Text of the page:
Universal Declaration of Human Rights (UDHR)
The Universal Declaration of Human Rights (UDHR) is an important milestone in the history of human rights movements in the world. Human rights movement has grown very much in scope in recent years and in its sweep the instances of injustice and inequality have come down considerably. The concept of modern human rights movement has its origins in the aftermath of the World War II and the formation of the United Nations.
The UN Charter and the International Bill of Human Rights
The UN Charter itself upholds its primary objective of promoting human rights and fundamental freedom for all. It is noteworthy that this very objective of the formation of the United Nations is spelt out unambiguously under Article 1(3) of the Charter of the United Nations. Article 1(3) of the UN Charter says that the primary objective of the formation of the United Nations Organization is "to achieve international cooperation in solving international problems of an economic, social, cultural, or humanitarian character, and in promoting and encouraging respect for human rights and for fundamental freedoms for all without distinction as to race, sex, language, or religion".
The human rights as envisaged under UN Charter form the International Bill of Human Rights. The Universal Declaration of Human Rights, the International Covenant on Civil and Political Rights and the International Covenant on Economic, Social and Cultural Rights are parts of the human rights provisions coming under the International Bill of Human rights.
The Universal Declaration of Human Rights
Consequent upon the atrocities committed during the World War II and other related reasons, the United Nations General Assembly adopted the Universal Declaration of Human Rights (UDHR) in 1948. The Universal Declaration of Human Rights is not an absolutely binding resolution on the member nations. However, in practice, the Declaration has acquired the force of international customary law. Hence these provisions may be invoked by the national and regional judiciaries under appropriate circumstances. The Universal Declaration of Human Rights urges the member nations to promote a number of human, civil, economic and social rights. These rights are of paramount significance since they are the "foundation of freedom, justice and peace in the world." Through the Universal Declaration of Human Rights, for the first time the rights-duty duality between the State and its citizens became an accepted principle. By this declaration, there emerged a possibility to bring about a control over the behavior of the states and press upon them their duties to their citizens.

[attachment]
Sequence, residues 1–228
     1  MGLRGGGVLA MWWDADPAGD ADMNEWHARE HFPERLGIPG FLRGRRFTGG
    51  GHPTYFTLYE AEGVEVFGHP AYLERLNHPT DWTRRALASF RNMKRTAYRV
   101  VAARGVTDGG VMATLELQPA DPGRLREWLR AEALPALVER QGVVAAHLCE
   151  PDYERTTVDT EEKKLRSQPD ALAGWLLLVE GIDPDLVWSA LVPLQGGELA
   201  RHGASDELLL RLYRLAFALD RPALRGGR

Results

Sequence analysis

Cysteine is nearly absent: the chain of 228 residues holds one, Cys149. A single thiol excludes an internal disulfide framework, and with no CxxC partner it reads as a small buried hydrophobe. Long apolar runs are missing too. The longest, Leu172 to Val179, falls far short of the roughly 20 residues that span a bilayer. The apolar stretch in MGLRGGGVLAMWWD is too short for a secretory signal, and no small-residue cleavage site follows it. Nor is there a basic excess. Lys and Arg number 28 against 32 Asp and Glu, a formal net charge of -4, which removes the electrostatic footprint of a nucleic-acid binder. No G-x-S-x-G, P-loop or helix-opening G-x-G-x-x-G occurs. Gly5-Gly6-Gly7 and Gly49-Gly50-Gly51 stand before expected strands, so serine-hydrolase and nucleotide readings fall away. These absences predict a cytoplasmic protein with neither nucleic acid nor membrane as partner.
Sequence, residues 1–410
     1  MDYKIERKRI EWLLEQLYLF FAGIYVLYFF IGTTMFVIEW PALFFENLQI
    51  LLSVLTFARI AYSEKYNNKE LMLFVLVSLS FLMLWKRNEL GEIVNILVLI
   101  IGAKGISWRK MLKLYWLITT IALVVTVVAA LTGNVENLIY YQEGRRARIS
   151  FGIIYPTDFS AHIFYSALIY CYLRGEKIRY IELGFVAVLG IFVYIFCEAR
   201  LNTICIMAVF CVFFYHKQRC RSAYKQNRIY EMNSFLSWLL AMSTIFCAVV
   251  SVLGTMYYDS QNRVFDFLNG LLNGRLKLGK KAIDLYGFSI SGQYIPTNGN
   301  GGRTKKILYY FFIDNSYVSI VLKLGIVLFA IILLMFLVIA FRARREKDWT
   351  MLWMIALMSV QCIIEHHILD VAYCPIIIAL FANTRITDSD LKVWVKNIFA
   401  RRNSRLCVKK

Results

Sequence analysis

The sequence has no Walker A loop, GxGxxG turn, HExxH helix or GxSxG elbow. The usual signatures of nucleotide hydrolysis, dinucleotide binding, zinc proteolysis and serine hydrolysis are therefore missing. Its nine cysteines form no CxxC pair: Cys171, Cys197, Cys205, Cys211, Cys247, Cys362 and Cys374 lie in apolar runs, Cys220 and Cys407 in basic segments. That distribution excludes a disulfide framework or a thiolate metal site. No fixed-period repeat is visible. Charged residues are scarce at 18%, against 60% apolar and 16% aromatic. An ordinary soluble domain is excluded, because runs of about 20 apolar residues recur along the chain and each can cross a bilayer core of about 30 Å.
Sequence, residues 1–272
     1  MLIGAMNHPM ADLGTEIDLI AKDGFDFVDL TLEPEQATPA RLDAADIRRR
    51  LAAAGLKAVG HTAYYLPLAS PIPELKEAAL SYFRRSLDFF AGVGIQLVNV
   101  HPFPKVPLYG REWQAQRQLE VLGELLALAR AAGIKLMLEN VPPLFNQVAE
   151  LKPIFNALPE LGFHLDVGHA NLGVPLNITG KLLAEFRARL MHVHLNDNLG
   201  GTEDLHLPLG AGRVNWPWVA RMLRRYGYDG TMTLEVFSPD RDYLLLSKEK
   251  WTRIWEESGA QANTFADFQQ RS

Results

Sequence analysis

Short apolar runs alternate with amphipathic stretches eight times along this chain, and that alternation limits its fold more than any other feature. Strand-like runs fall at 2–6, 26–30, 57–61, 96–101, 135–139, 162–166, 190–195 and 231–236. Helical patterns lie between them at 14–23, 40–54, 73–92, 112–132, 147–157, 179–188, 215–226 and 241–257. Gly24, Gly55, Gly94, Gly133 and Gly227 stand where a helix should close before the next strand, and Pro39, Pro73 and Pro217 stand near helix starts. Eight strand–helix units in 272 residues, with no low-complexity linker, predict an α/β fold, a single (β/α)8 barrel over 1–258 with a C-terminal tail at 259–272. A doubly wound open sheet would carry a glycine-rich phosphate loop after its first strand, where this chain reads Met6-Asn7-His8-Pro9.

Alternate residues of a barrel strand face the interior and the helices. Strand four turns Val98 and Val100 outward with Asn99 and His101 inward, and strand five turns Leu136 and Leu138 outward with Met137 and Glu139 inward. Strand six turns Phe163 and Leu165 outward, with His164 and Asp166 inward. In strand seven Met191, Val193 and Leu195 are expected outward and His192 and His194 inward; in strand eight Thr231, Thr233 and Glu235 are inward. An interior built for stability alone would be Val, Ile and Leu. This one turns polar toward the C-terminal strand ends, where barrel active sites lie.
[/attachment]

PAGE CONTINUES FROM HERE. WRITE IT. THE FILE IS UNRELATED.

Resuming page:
Drafting of the Universal Declaration of Human Rights
Universal Declaration of Human Rights was framed by the members of the Human Rights Commission under the chairmanship of former First Lady Eleanor Roosevelt. Canadian law professor John Humphrey and French lawyer René Cassin were involved in the research and preparation the work of the document. In the research and preparation of the Universal Declaration of Human Rights, international experts on human rights representing the continents and all major religions as well as national leaders such as Mahatma Gandhi were consulted.
image source The signing of the UN Charter in San Francisco, 1945
Civil, political, economic, social and cultural rights were included in the Universal Declaration of Human Rights on the principle that these basic human rights are indivisible. The Declaration was adopted unanimously. However, the Eastern Bloc, Apartheid South Africa and Saudi Arabia abstained from voting.
The Universal Declaration of Human of Human Rights Bifurcated in to Two Covenants
After its adoption, the Universal Declaration of Human Rights was bifurcated into two distinct covenants. This division was necessitated when the relevancy and propriety of the inclusion of economic and social provisions in covenants of human rights was questioned. In consequence, a Covenant on Civil and Political Rights and a second Covenant on social were drawn. These covenants emphasize on the right of the people to self-determination and to sovereignty over their natural resources. This has necessarily led to a debate over whether human rights are more fundamental than economic rights. This controversy is still continuing.
(1) Julia de Blaauw, Human Rights at a Crossroad? Towards an institutionalised regional human rights framework in the Pacific, Just Change http://www.dev-zone.org/justchange/documents/JC%2012_web
(2) http://www.iglhrc.org/cgi-bin/iowa/article/takeaction/partners/22.html "security and privacy by criminalizing harmless private relations between consenting adults"
(3) "Interactive Map of Legal Status of LGBT People". Amnestyusa.org. http://www.amnestyusa.org/lgbt-human-rights/country-information/page.do?id=1106576
(4) "About LGBT Human Rights". Amnestyusa.org. 2010-03-03. http://www.amnestyusa.org/lgbt-human-rights/about-lgbt-human-rights/page.do?id=1106573
(5) "The Application of International Human Rights Law in relation to Sexual Orientation and Gender Identity". The Yogyakarta Principles. http://www.yogyakartaprinciples.org/